Hurry - Only 4 left in stock!
From the bestselling author of COD, SALT, and THE BASQUE HISTORY OF THE WORLD comes his most ambitious work to date - a singular and definitive look at this pivotal year in history.
Mark Kurlansky is author of Cod- A Biography of the Fish that Changed the World (winner of the Glenfidish's Best Food Book Award), The Basque History of the World, Salt- A World History and a short story collection The White Man in the Tree (all published by Cape and Vintage). He lives in New York City with his wife and daughter.
It was the year of the Prague Spring, student riots in Paris, the Mexico City Olympics where two American medal winners gave a Black Power salute, and the Democratic National Convention in Chicago, at which police clashed violently with protestors. Martin Luther King and Robert F. Kennedy were assassinated, the Vietnam War had divided the nation, and television was there to capture and broadcast it all. (LJ 1/04) (c) Copyright 2012. Library Journals LLC, a wholly owned subsidiary of Media Source, Inc. No redistribution permitted.
By any measure, it was a remarkable year. Mentioning the Tet offensive, the My Lai massacre, the assassinations of Martin Luther King Jr. and Robert Kennedy, the Democratic convention in Chicago, and the Prague Spring and its backlash gives only the merest impression of how eventful and transformative the year must have felt at the time. As Kurlansky (Cod, Salt, etc.) has made the phrase "changed the world" a necessary component of subtitles for books about mundane objects, his choice to focus on a year that so "rocked" the world is appropriate. To read this book is to be transported to a very specific past at once more naive and more mature than today; as Kurlansky puts it, it was a time of "shocking modernism" and "quaint innocence," a combination less contradictory than it first appears. The common genesis of demonstrations occurring in virtually every Western nation was the war in Vietnam. Without shortchanging the roles of race and age, Kurlansky shrewdly emphasizes the rise of television as a near-instantaneous (and less packaged than today) conduit of news as key to the year's unfolding. To his credit, Kurlansky does not overdo Berkeley at the expense of Paris or Warsaw or Mexico City. The gains and costs of the new ethic of mass demonstration are neatly illustrated by the U.S. presidential campaign: the young leftists helped force the effective abdication of President Lyndon Johnson-and were rewarded with "silent majority" spokesman Richard Nixon. 1968 is a thorough and loving (perhaps a bit too loving of the boomer generation) tapestry-or time capsule. Agent, Charlotte Sheedy. (Jan.) Copyright 2003 Reed Business Information.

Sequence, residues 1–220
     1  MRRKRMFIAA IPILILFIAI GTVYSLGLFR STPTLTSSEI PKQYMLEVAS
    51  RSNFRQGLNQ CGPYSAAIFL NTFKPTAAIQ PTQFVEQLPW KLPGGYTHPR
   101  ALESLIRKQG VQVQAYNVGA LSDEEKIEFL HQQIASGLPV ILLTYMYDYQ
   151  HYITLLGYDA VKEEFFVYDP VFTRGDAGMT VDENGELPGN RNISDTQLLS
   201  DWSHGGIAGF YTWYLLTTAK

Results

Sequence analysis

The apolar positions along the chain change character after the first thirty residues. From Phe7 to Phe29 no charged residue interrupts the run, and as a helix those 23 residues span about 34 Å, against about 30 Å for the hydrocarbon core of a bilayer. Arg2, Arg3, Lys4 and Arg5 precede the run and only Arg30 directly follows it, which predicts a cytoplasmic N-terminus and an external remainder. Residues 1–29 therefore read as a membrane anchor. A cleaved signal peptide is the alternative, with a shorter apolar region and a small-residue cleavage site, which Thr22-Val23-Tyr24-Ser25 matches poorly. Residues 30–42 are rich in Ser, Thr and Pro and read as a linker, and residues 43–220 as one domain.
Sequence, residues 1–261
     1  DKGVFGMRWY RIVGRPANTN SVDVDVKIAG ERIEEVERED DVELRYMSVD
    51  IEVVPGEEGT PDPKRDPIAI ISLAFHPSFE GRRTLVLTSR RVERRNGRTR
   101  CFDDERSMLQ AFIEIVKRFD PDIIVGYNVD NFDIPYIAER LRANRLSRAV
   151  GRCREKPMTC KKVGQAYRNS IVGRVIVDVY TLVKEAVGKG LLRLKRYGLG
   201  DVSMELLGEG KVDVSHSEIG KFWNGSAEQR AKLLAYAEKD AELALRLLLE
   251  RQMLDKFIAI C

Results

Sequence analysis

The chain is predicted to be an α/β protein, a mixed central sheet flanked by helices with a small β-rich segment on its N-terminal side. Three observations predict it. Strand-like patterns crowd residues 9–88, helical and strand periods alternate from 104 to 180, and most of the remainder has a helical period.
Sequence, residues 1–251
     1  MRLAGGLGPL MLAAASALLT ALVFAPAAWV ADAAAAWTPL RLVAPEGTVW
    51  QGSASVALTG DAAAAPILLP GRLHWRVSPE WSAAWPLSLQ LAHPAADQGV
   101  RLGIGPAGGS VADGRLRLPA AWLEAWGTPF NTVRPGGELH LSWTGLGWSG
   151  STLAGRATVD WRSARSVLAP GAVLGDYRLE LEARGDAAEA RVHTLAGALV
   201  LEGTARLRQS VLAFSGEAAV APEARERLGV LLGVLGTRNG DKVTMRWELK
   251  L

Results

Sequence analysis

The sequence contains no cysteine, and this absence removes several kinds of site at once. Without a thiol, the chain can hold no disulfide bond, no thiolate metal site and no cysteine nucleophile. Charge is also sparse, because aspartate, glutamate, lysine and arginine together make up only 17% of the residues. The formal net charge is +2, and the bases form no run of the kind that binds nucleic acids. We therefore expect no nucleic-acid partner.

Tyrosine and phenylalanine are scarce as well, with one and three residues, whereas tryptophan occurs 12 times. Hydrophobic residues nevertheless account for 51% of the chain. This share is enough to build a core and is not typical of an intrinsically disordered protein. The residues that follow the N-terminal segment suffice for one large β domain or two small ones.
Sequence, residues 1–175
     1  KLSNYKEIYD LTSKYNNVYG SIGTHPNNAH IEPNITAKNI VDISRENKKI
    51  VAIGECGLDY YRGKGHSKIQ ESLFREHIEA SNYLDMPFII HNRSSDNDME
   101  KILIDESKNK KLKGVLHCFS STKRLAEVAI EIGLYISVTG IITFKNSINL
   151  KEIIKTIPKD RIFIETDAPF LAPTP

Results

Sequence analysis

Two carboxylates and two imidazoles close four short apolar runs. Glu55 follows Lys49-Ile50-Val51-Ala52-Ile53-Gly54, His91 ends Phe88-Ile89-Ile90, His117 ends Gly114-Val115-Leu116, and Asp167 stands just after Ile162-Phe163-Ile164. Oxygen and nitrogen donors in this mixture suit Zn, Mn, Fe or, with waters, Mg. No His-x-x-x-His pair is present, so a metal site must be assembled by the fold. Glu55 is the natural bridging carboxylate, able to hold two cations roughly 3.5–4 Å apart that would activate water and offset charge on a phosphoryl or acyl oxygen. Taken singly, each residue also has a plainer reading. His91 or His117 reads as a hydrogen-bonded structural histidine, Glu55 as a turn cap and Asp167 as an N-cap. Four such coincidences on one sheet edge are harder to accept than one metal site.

A riveting, evocative, entertaining read. * Observer *
Eminently readable... Will bring a flood of memories of an exceptional year in the exceptional 1960s * The Economist *
An expansive, explosive account * Esquire *
Kurlansky is a very superior journalist: diligent in his research, quirkily original in his insights, swift and clear in his storytelling. 1968 is a riveting, evocative, entertaining read * Observer *